Participants in the raw vegan group reported significantly less pain, joint swelling and morning stiffness than those continuing with their existing diet. A return to their omnivorous diet aggravated their symptoms.

Conclusions: A probiotic-rich, raw vegan diet increased weight loss and improved disease symptoms in those with rheumatoid arthritis.


Weight Loss

10 of the randomized controlled trials above examined the effects of a vegan diet on weight loss.

Seven out of the 10 studies reported that a vegan diet was more effective than the control diet at helping participants lose weight.

In the most impressive study, the vegan diet was able to help participants lose 9.3 more pounds (4.2 kg) than the control diet over an 18-week period (3).

This effect persisted even when the vegan participants were allowed to eat until fullness, while the control groups had to restrict their calories (69).

This natural tendency to consume fewer calories on a vegan diet could be due to the higher intake of dietary fiber, which is known for inducing satiety (34611).

Also check Why Your Vegan Diet Made You Gain Weight And What To Do Instead

Blood Sugar Levels and Insulin Sensitivity

Despite being generally higher in carbs, vegan diets were up to 2.4 times more effective at improving blood sugar control in diabetics, compared to control diets.

In fact, seven out of eight randomized controlled studies reported vegan diets to be more effective than conventional ones, including diets recommended by the ADA, AHA and NCEP.

The one study that didn’t find the vegan diet to be better reported it to be as effective as the control diet (12).

Part of the advantage of the vegan diet could be explained by the higher fiber intake, which could somewhat blunt the blood sugar response (36411).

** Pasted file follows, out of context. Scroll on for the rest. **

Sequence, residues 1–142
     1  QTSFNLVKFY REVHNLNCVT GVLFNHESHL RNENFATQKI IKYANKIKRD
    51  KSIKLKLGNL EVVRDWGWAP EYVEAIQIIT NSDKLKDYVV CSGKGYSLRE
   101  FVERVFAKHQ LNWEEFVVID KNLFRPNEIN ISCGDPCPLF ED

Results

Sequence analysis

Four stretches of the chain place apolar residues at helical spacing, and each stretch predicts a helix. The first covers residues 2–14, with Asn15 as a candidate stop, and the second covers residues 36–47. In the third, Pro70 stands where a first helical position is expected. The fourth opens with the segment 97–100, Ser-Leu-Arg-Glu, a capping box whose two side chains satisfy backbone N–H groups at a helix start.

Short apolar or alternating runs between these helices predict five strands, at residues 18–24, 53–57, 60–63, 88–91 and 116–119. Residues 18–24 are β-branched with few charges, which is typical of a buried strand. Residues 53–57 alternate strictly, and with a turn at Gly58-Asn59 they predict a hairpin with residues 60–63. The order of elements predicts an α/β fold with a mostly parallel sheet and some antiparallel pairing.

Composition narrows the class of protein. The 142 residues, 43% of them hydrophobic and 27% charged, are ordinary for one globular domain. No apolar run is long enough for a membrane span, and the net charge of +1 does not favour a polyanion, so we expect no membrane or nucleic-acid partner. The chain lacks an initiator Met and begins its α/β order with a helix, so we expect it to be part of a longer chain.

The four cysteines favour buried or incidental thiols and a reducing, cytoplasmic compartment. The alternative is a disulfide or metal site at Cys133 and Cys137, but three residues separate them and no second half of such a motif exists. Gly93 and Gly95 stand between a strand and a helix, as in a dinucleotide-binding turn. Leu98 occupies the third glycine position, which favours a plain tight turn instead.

The greater weight loss generally reported in participants following the vegan diet could further contribute to the blood sugar-lowering effects.

LDL, HDL and Total Cholesterol

In total, 14 studies examined the effects of vegan diets on blood cholesterol levels.

Their results indicate that vegan diets are much more effective at reducing total and LDL cholesterol than omnivorous control diets (12313).

However, the effects on HDL cholesterol and triglyceride levels are mixed. Some studies reported increases, others decreases and some no effect at all.

Appetite and Satiety

Only two of the studies looked at the effects of vegan diets on appetite and satiety.

The first reported that a vegan meal reduced the hunger hormone ghrelin less than a meat-containing meal in healthy participants, whereas the second reports no difference between a vegan meal and a meat-containing meal in diabetics (1213).

Symptoms of Arthritis

So far, only three randomized controlled studies looked at the effects of a vegan diet on osteo- or rheumatoid arthritis.

All three report that the vegan diet improved symptoms more effectively than the previous omnivorous diet (141516).

Take Home Message

Vegan diets seem to be very effective at helping people lose weight.

They also seem to be well suited to reduce symptoms of arthritis.

In addition, there’s scientific evidence to support that vegan diets greatly reduce blood sugar, total cholesterol and LDL cholesterol.

Based on the best available evidence, a vegan diet can be very healthy if done right.